Sprouting Seeds the Easy Way

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We had a great suggestion on our Instagram from fellow bloggers, The Tin Can Travelers, about posting a how-to on growing microgreens and sunflower sprouts. We thought about doing a video but we’re still having technical difficulties with our editing software, so here goes…

Step 1: Purchase Quality Seeds

It is VIP to buy the right seeds. Though almost any seed will sprout, not all seeds are meant to be eaten as sprouts. Seeds and legumes that you purchase from the grocery store bulk bins can have harmful bacteria on them (like e.coli or salmonella) or have been irradiated to keep them from sprouting in transit (which means they will never sprout, no matter how long you wait). We use organic microgreen seeds from Seeds of Change and organic sunflower seeds from Hometown Seeds.

Step 2: Select Your Equipment

We use two wide-mouth quart jars with mesh screens – one jar for each type of seed. We purchased the screens and stands here, but you can make them yourself using a piece of cheesecloth as a screen and a bowl as a stand. We’ve tried both but find that the stands are more secure than the bowl.

Step 3: Wash, Rinse, Repeat
Place 1-2 tablespoons of seeds in your jar and cover with approximately two inches of warm water. Place the mesh screen or cheesecloth and ring on the jar. Let the seeds sit overnight.

The next morning, drain the water. Rinse the seeds by adding water to the jar, swishing the seeds around, and draining. Turn the jar upside-down on the stand to continue draining any remaining water.

Repeat this twice a day, every day until your sprouts are the desired size.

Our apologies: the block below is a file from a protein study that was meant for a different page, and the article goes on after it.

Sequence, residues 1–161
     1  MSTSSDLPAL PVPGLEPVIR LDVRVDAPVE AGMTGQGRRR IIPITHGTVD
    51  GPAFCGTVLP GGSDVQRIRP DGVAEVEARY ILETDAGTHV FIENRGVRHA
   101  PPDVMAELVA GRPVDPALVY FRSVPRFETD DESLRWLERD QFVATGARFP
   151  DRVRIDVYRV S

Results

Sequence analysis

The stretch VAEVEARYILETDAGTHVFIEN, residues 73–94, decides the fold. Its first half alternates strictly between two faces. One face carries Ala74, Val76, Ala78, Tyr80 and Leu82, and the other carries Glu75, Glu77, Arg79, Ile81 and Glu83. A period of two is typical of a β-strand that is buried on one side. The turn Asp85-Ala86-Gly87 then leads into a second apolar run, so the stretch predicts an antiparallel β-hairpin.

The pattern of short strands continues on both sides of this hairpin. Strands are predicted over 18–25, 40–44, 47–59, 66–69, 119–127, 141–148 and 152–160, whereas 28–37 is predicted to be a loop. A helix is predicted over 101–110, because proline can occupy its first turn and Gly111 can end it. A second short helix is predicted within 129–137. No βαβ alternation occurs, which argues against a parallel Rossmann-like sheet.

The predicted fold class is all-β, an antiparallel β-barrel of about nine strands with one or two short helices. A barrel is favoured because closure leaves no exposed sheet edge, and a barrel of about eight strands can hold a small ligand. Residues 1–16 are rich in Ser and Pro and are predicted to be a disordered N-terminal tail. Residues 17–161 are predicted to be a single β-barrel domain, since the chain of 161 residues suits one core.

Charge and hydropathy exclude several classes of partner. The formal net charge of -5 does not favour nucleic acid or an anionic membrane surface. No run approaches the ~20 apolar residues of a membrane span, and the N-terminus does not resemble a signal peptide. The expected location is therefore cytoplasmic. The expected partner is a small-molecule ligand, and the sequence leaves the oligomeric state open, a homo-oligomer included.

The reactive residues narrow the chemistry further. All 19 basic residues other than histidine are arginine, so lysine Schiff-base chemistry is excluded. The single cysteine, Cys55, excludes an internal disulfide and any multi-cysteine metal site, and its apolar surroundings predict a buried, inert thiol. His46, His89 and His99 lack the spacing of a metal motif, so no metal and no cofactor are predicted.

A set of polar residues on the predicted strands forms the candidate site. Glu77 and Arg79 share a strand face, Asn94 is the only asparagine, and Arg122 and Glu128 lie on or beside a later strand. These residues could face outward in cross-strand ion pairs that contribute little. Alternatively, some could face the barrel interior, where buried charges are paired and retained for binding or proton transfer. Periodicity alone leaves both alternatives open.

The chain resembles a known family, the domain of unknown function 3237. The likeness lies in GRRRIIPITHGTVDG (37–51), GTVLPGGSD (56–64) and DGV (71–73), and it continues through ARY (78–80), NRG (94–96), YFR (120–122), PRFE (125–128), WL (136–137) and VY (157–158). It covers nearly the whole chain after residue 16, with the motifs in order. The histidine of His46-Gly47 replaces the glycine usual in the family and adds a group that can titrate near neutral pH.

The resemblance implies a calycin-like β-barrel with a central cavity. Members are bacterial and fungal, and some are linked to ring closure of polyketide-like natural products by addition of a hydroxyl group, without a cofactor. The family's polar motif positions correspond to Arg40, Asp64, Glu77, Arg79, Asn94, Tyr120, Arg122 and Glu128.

Sprouts do not need sunlight so it’s best to place your jar in a room-temperature location where there’s little sunlight. We place ours in the dining room/office area on our rolling kitchen cart.

Step 4: Eat and Enjoy!

Rinse your sprouts one final time and remove the sunflower seed shells. Store in the refrigerator in a mesh produce bag of open container. We’ve found that sprouts tend to go limp when they are in a closed container with no air circulation.

All parts of your sprouts are edible, even the hairy little roots of the sunflower seeds; but if you prefer, you can trim these off. Sprouts are especially good on salads and sandwiches.

Microgreens & Sunflower Seeds

Our Farmer’s Market opened mid-April and we were delighted to see a lot of new vendors this year. Among them was a lady selling microgreens. These delicious little plants are apparently a very popular item at markets across the US, but this was our first time to encounter them here. Along with the traditional microgreens (typically made up of broccoli, kale, kohlrabi, and such), she had an interesting addition – sunflower greens.

We bought a tray for the “introductory price” of only $2. The greens of a sunflower plant taste a lot like a sunflower seed (because, well, that’s what they are). We thought they were delicious, so we ate almost all of them. I say almost because Angie had the bright idea to try to plant some of them to see what type of sunflower they would grow into.

They grew into this –

Since opening day, the price of microgreens and sunflowers has increased quite a bit. A tray of either one now costs $5. Not that they aren’t worth it, it’s just that we’re on an “I don’t want to work so much” budget and $5 is a good little chunk for something that we use to top salads and veggie wraps. So, Angie’s next bright idea – we’d grow our own.

We picked up a couple of packs of microgreen seeds at Tractor Supply. We even got them for 25% off.

So far, we’ve produced 3 cuttings of microgreens (one rogue seed somehow got mixed in with our marigolds and grew into a good-sized broccoli before we noticed and transplanted it).

And all those sunflowers – they have made a ton of black oil sunflower seeds, the kind that you grow sunflower microgreens from.

Just one of 3 envelopes full of seeds that we’ve collected so far.

We’ve read up on sprouting these seeds to plant and are pretty excited to give it a try when we get back from our mini-vacation (aka trout fishing adventure) next week. We’ll let you know how it goes.

Have you grown microgreens or sunflower greens? What tips do you have for growing them successfully?